Skip to content

I’ve now done two of the three creative writing workshops for the libraries, and the ideas for a guidebook for Deptford are building up, as are the ideas for what shape it will take: a map which can be displayed on the wall? a fold up map like you get from a tourist information place? an actual guide-book? We’re still deciding, and it will depend on the gathered material and what suits it best. It is such an interesting time to be having these conversations in Deptford (sorry that the blogs have slowed down a little! I have been doing lots of interviews but it is hard to keep up with it all at the moment, so I promise they will all come in a flurry, there’s been some fabulous chats and stories )

sign for guide book

My main recurring thoughts over the last few weeks have been connected to kindness and listening.

For the last five years since my project 366 Days Of Kindness  I have thought about kindness more than any other subject, and in a wonderful and beneficial way it has influenced all of my work, and the outcomes of my work (and my life) But I have been glad to be reminded the last few weeks of the power and the kindness of taking time to listen to people, to actively listen rather than to just wait until they stop talking so that it is your turn to speak again! This has happened to me, because when you ask strangers what their favourite thing is about Deptford, as I have been doing, in all honesty their first answer isn’t usually the interesting one. The real magic happens when you stick with each other and have a conversation, a cuppa, share a piece of cake maybe. Then a generic “I like the market” turns into great story about the discovery of a new vegetable that happened one rainy Saturday morning when you spent time asking the stall holder what something was and how on earth you cook it, then you get the story of the cooking the recipe and the dinner party too. If you listen, you get a story, a real human connection.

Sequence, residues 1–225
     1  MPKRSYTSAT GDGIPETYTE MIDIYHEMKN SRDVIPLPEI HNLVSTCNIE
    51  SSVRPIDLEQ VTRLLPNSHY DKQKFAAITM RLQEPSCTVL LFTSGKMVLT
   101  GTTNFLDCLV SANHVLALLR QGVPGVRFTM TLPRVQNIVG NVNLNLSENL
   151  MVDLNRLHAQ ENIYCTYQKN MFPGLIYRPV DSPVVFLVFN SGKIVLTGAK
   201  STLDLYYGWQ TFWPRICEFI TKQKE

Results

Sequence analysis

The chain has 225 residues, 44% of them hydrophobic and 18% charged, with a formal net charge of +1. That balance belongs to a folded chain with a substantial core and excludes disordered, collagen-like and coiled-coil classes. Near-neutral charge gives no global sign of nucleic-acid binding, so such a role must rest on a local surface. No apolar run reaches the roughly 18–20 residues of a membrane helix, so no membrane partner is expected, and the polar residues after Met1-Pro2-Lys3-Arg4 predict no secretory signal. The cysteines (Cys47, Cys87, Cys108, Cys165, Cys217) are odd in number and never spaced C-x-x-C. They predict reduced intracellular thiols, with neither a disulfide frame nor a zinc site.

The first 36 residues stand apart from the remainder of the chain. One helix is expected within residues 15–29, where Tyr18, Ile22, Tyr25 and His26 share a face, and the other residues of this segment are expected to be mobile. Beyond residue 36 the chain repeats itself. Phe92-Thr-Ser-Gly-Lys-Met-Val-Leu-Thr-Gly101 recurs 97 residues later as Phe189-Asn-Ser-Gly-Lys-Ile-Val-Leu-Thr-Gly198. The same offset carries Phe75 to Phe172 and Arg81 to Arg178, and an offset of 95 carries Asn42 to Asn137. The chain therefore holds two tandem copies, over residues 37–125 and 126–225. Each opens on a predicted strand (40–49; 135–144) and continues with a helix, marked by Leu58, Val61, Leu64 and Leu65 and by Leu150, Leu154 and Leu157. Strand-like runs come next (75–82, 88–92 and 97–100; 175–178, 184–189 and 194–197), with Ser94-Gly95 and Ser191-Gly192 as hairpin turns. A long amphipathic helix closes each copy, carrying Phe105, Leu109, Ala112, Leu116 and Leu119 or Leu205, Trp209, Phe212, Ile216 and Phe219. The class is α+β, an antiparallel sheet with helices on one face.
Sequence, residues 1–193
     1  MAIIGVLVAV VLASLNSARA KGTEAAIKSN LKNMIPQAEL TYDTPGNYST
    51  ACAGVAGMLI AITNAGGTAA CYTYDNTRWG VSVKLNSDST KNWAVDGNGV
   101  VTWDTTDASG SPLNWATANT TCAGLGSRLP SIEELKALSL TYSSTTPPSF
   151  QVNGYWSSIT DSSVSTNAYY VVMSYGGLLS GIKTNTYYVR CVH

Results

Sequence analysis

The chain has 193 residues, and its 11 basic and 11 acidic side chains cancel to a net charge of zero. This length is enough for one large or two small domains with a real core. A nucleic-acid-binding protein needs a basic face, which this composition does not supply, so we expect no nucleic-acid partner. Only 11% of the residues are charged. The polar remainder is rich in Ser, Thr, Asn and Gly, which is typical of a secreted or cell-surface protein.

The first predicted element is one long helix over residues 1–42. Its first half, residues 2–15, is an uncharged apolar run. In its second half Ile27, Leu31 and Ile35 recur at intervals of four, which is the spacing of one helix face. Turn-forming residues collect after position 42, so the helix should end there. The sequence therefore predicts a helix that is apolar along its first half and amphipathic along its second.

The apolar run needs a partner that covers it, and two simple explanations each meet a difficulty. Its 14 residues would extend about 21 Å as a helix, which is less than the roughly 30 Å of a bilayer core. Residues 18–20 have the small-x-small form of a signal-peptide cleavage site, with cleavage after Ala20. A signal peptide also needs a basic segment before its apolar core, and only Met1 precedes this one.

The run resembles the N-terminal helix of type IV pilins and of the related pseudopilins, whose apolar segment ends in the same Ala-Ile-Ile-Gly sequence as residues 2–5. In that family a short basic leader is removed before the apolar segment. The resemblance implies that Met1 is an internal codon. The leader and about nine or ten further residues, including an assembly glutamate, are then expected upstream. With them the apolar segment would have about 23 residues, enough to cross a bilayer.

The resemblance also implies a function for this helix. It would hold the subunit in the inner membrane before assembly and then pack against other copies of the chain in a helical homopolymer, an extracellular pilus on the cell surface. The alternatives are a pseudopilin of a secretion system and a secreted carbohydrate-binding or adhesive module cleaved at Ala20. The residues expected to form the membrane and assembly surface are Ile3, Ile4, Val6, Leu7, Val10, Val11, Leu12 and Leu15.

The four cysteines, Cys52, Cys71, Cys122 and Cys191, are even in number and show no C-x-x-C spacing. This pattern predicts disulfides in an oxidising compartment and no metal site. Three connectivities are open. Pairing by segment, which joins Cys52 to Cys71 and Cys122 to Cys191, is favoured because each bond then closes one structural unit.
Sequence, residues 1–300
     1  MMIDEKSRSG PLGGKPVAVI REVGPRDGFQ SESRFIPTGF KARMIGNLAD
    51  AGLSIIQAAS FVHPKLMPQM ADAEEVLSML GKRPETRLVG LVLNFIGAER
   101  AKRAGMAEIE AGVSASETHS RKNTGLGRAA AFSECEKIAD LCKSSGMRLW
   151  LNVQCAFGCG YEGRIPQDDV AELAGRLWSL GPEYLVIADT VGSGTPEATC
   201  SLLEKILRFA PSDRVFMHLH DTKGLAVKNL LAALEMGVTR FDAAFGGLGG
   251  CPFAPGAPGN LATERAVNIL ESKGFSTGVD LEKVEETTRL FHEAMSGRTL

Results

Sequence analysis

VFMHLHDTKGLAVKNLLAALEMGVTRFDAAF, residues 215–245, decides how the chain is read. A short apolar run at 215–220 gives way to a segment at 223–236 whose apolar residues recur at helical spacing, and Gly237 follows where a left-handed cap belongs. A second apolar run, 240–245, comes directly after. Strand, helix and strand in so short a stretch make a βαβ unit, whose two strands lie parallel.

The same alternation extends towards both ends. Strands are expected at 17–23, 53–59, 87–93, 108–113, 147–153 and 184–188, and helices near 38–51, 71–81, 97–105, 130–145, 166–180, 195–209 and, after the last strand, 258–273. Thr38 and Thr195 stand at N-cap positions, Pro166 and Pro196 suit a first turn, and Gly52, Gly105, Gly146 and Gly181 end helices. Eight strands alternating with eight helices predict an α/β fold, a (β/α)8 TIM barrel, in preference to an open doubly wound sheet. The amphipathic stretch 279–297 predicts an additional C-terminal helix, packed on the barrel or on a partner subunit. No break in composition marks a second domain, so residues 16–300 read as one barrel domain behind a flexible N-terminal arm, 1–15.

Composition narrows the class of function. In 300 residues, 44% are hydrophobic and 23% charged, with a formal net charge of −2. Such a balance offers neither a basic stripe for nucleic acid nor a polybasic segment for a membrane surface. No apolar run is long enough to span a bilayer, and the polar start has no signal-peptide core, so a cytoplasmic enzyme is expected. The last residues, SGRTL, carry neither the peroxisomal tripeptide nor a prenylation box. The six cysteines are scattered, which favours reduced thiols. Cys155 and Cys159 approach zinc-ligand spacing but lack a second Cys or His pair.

We are all so busy. And when you say you’re busy people say “that’s good” like it is a marker of success or happiness, but I am not sure that it is. This last Saturday I spend one blissful hour speaking just one fantastic woman, and we wrote story each, sitting quietly side by side. When we parted we gave each other a hug. I would rather that any day than 100 rushed interactions. I truly felt like I had made a new friend


Lydia, writing her story and brightening my day

In the afternoon lots of folk in Deptford Lounge told me about the 999 club, and how much of a  safety net it is for people in need, people spoke about the anchor and how it was missed as a place to meet friends and drink. I asked one woman where she drinks now and she said “outside the library now. but no one likes it”.


My friend said these people are the dispossessed and it’s an indication of our true compassion, how well we treat them. They can’t just disappear, if you “move them on” where will they go?

Other people said to me they don’t miss the anchor because of the drinkers but having spent plenty time with “the drinkers” they have stories to tell and they share them happily and easily if you listen and share yours too, happy and funny and wierd and crazy stories, just like we all have.